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Fresh Sudan peace pact builds off of deeper efforts

Northern Sudan signed a peace deal with forces allied to South Sudan on Tuesday. The agreement builds off of earlier peace-making efforts, including trips to Indonesia's war-torn Aceh Province and Kenya to study ways to resolve entrenched conflict.

By Scott BaldaufStaff writer / June 29, 2011

A truck piled high with looted items drives past businesses and homesteads burning in the central city of Abyei, Sudan. A recently signed accord between the rival North and South requires Northern troops to withdraw, fueling tensions.

Stuart Price/AFP/UNMIS/Newscom

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Kadugli, Sudan

Just days before South Sudan becomes the world's newest country on July 9, forces loyal to the semiautonomous region's Sudan People's Liberation Movement (SPLM) have been sucked into clashes with troops loyal to Sudanese President Omar al-Bashir, who is wanted at the International Criminal Court for war crimes.

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On Tuesday, though, Mr. Bashir's Islamist-dominated Northern government signed a peace pact with with the SPLM's northern branch.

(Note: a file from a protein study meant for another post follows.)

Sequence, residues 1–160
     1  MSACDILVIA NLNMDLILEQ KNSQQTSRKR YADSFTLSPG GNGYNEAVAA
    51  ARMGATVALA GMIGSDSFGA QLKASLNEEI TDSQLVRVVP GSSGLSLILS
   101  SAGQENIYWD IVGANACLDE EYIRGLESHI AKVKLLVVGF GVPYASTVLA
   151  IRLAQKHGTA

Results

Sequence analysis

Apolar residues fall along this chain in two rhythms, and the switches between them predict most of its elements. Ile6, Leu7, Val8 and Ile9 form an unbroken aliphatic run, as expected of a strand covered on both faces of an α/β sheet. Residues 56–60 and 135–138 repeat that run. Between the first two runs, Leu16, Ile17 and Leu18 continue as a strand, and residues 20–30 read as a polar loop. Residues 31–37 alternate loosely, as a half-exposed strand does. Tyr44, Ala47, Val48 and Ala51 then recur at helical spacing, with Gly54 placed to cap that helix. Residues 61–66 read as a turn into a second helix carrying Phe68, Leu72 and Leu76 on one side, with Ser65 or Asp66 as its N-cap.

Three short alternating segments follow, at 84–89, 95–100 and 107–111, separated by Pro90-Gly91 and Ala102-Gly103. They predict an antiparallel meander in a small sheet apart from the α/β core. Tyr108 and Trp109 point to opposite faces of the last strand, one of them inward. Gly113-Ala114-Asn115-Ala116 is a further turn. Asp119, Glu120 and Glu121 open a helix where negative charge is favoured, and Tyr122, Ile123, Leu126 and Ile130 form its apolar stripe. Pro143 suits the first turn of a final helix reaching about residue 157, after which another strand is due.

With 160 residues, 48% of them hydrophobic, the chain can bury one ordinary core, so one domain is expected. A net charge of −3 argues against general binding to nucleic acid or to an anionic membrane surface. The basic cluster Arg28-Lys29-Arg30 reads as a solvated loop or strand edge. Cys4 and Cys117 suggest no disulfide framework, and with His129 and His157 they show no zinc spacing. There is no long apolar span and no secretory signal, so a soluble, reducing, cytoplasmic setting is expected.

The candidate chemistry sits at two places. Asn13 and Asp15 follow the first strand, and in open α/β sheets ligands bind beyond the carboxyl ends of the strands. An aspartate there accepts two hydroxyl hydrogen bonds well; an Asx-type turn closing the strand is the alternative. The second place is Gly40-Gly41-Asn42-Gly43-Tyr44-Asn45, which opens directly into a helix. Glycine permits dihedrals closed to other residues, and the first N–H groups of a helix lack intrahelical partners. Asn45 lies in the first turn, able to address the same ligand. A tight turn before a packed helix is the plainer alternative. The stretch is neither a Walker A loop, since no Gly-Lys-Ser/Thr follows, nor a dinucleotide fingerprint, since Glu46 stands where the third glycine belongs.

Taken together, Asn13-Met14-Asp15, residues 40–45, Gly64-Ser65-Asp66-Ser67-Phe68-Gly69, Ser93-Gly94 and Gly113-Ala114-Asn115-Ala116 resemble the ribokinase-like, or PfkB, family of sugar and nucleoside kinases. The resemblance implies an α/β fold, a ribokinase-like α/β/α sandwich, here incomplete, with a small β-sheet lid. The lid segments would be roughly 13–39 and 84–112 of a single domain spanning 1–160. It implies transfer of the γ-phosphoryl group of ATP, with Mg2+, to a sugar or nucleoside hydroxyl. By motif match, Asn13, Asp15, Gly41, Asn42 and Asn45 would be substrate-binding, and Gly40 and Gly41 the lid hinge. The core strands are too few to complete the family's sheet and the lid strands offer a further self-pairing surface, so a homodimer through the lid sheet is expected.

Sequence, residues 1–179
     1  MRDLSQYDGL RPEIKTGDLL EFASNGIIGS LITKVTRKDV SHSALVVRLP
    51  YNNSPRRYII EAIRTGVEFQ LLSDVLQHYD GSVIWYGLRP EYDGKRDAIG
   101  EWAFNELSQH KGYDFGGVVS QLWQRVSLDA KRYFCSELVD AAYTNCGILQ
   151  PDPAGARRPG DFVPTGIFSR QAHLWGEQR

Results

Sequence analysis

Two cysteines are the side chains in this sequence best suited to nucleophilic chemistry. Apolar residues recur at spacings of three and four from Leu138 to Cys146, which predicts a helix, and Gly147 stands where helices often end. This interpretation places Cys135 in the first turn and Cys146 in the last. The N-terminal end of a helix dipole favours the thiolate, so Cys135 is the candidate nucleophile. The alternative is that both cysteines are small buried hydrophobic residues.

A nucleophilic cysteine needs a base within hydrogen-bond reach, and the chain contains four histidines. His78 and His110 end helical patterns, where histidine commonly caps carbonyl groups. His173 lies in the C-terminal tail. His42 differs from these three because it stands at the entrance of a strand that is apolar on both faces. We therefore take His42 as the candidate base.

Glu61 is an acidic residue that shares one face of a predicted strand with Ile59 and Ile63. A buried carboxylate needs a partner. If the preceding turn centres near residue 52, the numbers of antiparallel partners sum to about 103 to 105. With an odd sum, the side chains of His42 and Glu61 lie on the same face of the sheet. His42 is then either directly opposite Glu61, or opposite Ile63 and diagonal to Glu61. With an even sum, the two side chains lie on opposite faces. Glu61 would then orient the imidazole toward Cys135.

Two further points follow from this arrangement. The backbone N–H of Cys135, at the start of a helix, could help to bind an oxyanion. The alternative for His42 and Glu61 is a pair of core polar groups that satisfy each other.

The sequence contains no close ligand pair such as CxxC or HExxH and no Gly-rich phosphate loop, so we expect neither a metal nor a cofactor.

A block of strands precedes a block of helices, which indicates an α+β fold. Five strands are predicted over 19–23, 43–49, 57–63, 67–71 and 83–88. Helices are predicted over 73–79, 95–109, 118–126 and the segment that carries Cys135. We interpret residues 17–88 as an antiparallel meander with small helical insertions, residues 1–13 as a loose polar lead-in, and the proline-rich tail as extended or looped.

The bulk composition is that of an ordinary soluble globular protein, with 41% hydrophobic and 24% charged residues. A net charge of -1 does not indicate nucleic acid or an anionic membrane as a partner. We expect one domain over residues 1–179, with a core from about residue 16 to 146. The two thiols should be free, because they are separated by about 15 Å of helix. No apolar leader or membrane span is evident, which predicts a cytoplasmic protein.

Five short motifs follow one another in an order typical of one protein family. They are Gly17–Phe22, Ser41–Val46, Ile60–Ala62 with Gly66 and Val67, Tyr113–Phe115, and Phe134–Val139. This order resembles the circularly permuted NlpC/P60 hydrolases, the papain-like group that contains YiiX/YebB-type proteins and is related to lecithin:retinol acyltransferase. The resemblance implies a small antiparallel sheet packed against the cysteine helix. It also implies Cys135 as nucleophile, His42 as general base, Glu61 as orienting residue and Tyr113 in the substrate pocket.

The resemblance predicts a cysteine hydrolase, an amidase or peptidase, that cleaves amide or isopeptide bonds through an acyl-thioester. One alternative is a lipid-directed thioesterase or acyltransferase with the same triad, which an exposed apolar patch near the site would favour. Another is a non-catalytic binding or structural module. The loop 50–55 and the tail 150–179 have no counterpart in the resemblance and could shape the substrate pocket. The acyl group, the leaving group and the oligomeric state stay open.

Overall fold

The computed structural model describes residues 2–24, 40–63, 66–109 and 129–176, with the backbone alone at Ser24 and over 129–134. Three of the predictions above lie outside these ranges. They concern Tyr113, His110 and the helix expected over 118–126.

The agreement fell short of calling for a cease-fire in the border state of South Kordofan – the scene of heavy recent fighting that security experts say could reignite the decades-long civil war that killed some 2 million people before it ended in 2005 – but it does lay out a framework for shared governance of tumultuous border areas.

There is no shortage of skepticism as to whether such a pact will bring peace to the area, but it builds off of earlier efforts, including trips to Indonesia's war-torn Aceh Province and Kenya to study ways to resolve entrenched conflict.

Given the current fighting, it's easy to dismiss the US-funded trips as an abysmal failure. But the participants in the innovative effort to help conflict-ridden countries learn from each other say they feel as if they were participating in the one last chance to find peace – and that they very nearly achieved it.

"I'm glad we did that trip, and I know we are not going to duplicate what happened in Aceh here in Sudan; we are going to decide our own process," says Ahmed Saeed, a local SPLM parliamentarian who participated in the trips. "But despite this, this is an opportunity to transform our government system. If we do it here in South Kordofan, we can help to transform the rest of Sudan."

The hopefulness of that statement seemed irreparably lost as Sudanese Army planes bombed Mr. Saeed's SPLM comrades in the mountains around South Kordofan's capital, Kadugli, a couple weeks ago. But it's emblematic of the months of discussions and frenetic travel by senior local leaders of both parties.

These trips offer a model for future peacemaking.

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